Disability advocates are calling for all supported workplaces to be shut after a workshop with more than 450 employees was forced to close temporarily due to a confirmed case of COVID-19.
Disability advocates are calling for all supported working facilities to be shut down for the duration of the coronavirus pandemic after an employee at a Western Australian facility tested positive for COVID-19.
The man, who has an intellectual disability, was a supported employee at an Activ Foundation workshop in Bentley, Perth, which employs more than 450 people with a disability.
Activ’s Chief Executive Danielle Newport said the organisation had contacted all people who came in contact with the case after they were informed of the diagnosis on Tuesday. The man did not contract the virus at work.
The workshop has been closed but is scheduled to reopen on Monday, she said in a statement on Thursday, despite desperate pleas from disability advocates that it remain shut inline with the national ban on mass gatherings.
Leading the charge has been West Australian Senator Jordon Steele-John who has been calling for supported work programs to be ceased for the past few weeks. He describes the issue as a matter of life and death due to the vulnerability of many of the supported workers.
“You’ve got people working in group settings, hundreds at a time across one complex, you’ve got older people who are at increased risk, you’ve got intellectually and cognitively disabled folks who already have a life expectancy 25 years less than the rest of the population,” Senator Steele-John told SBS News.
“And then you’ve got the additional challenges around understanding how to follow medical advice given in relation to COVID-19, if you’re an intellectually or cognitively disabled person, or reporting symptoms if you fall into the same category.”
Many people living with a disability have preexisting conditions that would make them especially susceptible to a respiratory illness and they are less likely to be able to access appropriate medical care.
As a result, Western Australian disability advocate Samatha Connor told SBS News keeping supported workplaces open was “putting disabled people directly in harm's way”.
“The problem is when you have people congregated together and they are not able to use social distancing or might not have the cognitive capability to follow rules around distancing or making contact with people,” she said.
“When there’s up to 500 people in a workshop, there’s clearly a higher risk for people who are at higher risk of contracting and dying from that virus.”
Prime Minister Scott Morrison has repeatedly urged all people who are not essential services to work from home if they are able to do so but workplaces are exempt from the government's ban on groups of more than two people.
Senator Steele-John, however, said the workshops could not be “considered employment in any sense of the word”.
“They are not paid a living wage to do this work and only one per cent of people that begin supported employment ever transfer into mainstream work,” he said, adding that many of the Activ supported employees are used to wrap headphones in plastic for Qantas.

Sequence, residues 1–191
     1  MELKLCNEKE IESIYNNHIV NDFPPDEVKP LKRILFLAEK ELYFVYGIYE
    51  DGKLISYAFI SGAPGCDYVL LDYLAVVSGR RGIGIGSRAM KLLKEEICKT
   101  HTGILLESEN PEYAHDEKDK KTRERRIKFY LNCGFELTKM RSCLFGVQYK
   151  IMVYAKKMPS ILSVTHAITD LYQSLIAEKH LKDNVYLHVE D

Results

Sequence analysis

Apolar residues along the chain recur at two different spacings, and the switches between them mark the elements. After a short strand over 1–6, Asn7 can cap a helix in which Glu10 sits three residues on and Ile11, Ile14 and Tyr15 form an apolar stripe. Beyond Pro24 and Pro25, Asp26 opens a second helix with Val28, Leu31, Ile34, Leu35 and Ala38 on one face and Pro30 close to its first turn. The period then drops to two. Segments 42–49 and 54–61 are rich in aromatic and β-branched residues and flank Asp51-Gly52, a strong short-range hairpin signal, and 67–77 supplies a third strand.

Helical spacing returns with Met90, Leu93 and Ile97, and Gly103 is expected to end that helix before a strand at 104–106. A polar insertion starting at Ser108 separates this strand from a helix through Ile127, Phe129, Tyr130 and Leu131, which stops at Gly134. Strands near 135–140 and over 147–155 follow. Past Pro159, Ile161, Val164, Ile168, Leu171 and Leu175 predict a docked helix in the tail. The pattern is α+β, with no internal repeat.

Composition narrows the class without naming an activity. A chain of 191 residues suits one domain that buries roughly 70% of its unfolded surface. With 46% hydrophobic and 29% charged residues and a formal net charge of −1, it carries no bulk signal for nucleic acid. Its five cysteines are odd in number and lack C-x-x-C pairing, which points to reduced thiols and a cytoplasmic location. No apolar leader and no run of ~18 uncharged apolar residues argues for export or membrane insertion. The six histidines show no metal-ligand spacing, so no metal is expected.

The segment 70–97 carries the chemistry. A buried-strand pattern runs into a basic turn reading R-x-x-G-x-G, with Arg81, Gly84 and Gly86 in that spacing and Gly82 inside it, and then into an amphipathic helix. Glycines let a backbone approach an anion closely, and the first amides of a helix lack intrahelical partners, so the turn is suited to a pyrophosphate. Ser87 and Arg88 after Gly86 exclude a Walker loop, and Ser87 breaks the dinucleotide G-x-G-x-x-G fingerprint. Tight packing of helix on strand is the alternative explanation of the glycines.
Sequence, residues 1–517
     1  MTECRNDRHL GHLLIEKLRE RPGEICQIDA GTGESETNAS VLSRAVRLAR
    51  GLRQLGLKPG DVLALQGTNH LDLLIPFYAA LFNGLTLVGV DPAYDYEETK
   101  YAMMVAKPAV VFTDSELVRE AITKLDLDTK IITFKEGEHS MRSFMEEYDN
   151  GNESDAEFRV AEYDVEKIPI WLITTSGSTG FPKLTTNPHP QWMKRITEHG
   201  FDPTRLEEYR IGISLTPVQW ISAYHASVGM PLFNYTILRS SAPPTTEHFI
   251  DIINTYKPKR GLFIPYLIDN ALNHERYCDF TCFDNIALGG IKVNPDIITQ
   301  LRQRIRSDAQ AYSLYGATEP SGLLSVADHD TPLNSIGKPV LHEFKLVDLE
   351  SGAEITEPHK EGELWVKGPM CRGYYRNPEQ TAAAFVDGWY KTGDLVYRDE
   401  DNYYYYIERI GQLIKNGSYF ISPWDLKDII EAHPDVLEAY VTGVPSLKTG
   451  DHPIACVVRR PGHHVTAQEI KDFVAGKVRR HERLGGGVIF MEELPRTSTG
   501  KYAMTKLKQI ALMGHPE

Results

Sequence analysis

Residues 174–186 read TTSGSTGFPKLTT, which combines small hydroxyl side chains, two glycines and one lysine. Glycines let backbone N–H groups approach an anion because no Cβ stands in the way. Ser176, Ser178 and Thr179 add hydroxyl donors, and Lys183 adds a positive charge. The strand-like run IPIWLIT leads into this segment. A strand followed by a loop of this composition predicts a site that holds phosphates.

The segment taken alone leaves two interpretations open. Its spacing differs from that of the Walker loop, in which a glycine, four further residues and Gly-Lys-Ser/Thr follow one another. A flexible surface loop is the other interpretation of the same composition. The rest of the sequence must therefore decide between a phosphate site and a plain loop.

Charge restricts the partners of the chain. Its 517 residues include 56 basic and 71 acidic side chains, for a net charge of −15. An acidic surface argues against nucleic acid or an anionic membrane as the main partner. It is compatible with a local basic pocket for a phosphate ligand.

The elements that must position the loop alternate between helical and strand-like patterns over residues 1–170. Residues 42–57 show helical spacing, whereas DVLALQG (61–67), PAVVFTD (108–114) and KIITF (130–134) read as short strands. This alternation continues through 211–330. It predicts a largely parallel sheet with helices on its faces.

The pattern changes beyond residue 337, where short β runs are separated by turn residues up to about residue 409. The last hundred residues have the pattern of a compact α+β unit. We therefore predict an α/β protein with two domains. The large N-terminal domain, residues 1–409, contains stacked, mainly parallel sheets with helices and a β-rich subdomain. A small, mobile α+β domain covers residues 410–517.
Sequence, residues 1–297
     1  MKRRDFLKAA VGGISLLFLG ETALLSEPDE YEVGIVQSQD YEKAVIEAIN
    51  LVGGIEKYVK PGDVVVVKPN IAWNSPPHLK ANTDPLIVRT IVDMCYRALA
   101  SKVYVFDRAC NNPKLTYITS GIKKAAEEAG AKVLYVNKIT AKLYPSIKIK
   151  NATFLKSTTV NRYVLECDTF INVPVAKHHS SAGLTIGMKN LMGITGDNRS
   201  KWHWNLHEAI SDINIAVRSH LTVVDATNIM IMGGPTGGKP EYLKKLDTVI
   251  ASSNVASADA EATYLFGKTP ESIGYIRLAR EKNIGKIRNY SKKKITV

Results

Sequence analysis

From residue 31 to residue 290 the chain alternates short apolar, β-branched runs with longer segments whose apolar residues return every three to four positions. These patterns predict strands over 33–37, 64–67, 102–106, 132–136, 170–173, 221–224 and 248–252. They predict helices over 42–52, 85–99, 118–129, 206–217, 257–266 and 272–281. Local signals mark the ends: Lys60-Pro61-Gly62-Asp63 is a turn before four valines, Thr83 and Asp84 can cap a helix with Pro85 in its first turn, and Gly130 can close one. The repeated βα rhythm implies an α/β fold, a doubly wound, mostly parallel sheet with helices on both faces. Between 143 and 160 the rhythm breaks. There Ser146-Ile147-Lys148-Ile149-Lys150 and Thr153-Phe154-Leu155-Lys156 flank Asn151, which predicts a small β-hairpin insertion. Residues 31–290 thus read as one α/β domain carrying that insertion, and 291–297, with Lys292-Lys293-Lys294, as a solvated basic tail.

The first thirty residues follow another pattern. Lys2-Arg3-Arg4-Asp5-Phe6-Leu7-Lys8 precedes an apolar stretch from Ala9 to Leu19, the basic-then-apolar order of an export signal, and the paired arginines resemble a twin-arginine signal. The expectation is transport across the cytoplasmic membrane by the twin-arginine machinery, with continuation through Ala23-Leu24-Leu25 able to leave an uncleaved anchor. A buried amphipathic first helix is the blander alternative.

Supported workplaces, formally known as Australian Disability Enterprises (ADEs), employ more than 20,000 people with a disability across Australia in tasks such as packaging, assembly, and production.
Employees of ADEs are paid a reduced wage which is calculated using a wage assessment tool to determine the worker's productivity, resulting in people being paid $2 an hour in some cases.
If ADEs were to close, many people with disabilities would require additional one-on-one support throughout the day.
“The first thing is that we need to shut down all group settings so people are able to keep their distance from each other and keep safe. The second is we need some policy responses from the National Disability Insurance Agency (NDIS) where they put extra funding into people’s plans if they need it,” Ms Connor said.
“What are we protecting? Are we protecting the economy or are we protecting people's lives?"
West Australian disability minister Stephen Dawson said as ADEs were not currently captured by lockdown measures and power to shut them down rests with the Federal Government.
"ADEs, like other workplaces that are open for business, should be implementing social distancing strategies to safeguard their staff," he said.
State health authorities told SBS News they do comment on individual cases but that contact tracing was still underway.
The minister for the National Disability Insurance Scheme has been contacted for comment.
People in Australia must stay at least 1.5 metres away from others and gatherings are limited to two people unless you are with your family or household.
If you believe you may have contracted the virus, call your doctor (don’t visit) or contact the national Coronavirus Health Information Hotline on 1800 020 080. If you are struggling to breathe or experiencing a medical emergency, call 000.
SBS is committed to informing Australia’s diverse communities about the latest COVID-19 developments. News and information is available in 63 languages at sbs.com.au/coronavirus.